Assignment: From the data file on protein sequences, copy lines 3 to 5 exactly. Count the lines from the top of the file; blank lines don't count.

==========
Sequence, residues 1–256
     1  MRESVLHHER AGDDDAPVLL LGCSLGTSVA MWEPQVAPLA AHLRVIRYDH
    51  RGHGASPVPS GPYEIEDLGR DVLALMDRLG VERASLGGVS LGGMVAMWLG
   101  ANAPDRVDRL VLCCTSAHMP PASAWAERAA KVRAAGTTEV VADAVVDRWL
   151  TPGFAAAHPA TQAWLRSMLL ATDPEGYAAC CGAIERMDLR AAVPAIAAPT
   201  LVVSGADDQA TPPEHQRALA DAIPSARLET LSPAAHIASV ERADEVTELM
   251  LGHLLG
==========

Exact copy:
    51  RGHGASPVPS GPYEIEDLGR DVLALMDRLG VERASLGGVS LGGMVAMWLG
   101  ANAPDRVDRL VLCCTSAHMP PASAWAERAA KVRAAGTTEV VADAVVDRWL
   151  TPGFAAAHPA TQAWLRSMLL ATDPEGYAAC CGAIERMDLR AAVPAIAAPT